Renewable electricity generation up 33% in 2011

Electricity generated from renewable sources in the UK increased by 33% in 2011 compared to the previous year, while energy production fell by a record 13.2%.

A report by the Department of Energy & Climate Change (DECC) said renewable sources accounted for 9.4% of total UK electricity in 2011, up from 6.8% in 2010.

DECC added that total renewables, as measured by the 2009 EU Renewables Directive, accounted for 3.8 % of energy consumption in 2011, up from 3.2% in 2010.

“On the basis of the policy measurement of the contribution of renewables eligible under the Renewables Obligation to UK electricity sales, 2011 showed a 2.7 percentage point increase, from 7.0% in 2010 to reach 9.7%in 2011,” said DECC.

Electricity supply by fuel, 2011

Source: DECC

DECC added: “Installed electrical generating capacity of renewable sources [also] rose by 33% in 2011, mainly as a result of solar photovoltaic capacity increasing by 12 times due to high uptake of Feed in Tariffs, a trebling of biomass capacity due to the conversion of Tilbury power station from coal to dedicated biomass, and a 37% increase in offshore wind capacity”.

On the back of the renewables increase, energy production and consumption dropped as oil and gas production fell to record levels. Energy production fell by a record 13.2% from 2010, while energy consumption dropped by 6.9%.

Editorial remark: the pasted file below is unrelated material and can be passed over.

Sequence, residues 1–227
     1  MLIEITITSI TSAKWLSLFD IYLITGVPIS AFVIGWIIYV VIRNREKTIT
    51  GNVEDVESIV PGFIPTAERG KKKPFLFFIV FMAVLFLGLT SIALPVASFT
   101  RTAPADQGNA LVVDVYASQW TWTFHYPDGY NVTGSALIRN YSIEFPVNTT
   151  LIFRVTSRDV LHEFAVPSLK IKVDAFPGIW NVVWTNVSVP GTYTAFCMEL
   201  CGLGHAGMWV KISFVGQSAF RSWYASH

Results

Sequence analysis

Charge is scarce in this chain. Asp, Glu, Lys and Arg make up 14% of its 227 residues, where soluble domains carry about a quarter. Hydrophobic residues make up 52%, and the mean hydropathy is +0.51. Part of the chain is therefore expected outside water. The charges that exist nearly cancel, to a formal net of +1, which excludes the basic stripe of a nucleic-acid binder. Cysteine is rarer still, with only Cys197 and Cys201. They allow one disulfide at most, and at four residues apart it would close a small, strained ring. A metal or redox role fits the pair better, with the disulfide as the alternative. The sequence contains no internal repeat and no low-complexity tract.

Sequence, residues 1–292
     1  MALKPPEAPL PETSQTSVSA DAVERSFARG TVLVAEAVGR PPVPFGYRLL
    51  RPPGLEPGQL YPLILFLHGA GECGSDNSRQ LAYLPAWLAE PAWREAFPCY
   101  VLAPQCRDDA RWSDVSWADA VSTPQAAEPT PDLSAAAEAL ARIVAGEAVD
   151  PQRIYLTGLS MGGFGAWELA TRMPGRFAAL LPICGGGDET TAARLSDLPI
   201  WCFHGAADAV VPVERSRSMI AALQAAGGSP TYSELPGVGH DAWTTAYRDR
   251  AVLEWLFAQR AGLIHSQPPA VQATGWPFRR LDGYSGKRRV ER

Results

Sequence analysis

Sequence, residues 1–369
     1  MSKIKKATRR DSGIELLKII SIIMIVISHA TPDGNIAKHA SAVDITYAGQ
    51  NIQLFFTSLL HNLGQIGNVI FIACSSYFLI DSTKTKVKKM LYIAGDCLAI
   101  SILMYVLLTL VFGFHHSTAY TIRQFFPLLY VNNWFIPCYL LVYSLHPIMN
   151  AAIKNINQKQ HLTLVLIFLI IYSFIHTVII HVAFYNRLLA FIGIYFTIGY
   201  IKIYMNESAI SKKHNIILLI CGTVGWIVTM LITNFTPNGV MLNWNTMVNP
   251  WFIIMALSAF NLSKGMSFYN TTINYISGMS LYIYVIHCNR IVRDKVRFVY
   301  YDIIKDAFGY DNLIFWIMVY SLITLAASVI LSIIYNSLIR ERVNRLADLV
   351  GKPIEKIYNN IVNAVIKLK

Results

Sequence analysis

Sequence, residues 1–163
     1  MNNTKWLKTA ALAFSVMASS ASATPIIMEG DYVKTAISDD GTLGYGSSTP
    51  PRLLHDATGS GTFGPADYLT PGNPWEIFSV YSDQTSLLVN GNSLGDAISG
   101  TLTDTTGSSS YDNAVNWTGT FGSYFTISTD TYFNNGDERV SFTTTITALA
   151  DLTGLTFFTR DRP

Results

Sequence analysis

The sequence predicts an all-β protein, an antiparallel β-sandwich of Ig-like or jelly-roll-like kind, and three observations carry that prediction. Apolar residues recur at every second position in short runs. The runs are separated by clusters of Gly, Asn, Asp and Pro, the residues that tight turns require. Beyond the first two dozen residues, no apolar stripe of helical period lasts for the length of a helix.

However, due to the fall in oil and gas production trade and professional body for the wind and marine energy industries, RenewableUK, pointed out that the regions reliance on imported fossil fuels hit a record 36 year high.

Maria McCaffery, Chief Executive of RenewableUK said: “These figures highlight the increasingly crucial role that wind and other forms of renewables are playing in the UK’s energy mix. This trend is set to continue and will help the UK to reduce its over-reliance on expensive and unpredictable supplies of imported fossil fuels.

“With the economy in a fragile state we need to do everything we can to boost investor confidence and ensure that the UK develops an energy mix that will not only protect consumers from fluctuating fossil fuel prices in the short term but will also deliver long term security and growth.”

A spokesperson for DECC told edie that the statistics clearly show that the region is moving towards a more renewable energy efficient future and that the rise in imported fossil fuels has been largely due to dwindling resources from the north sea.

Leigh Stringer

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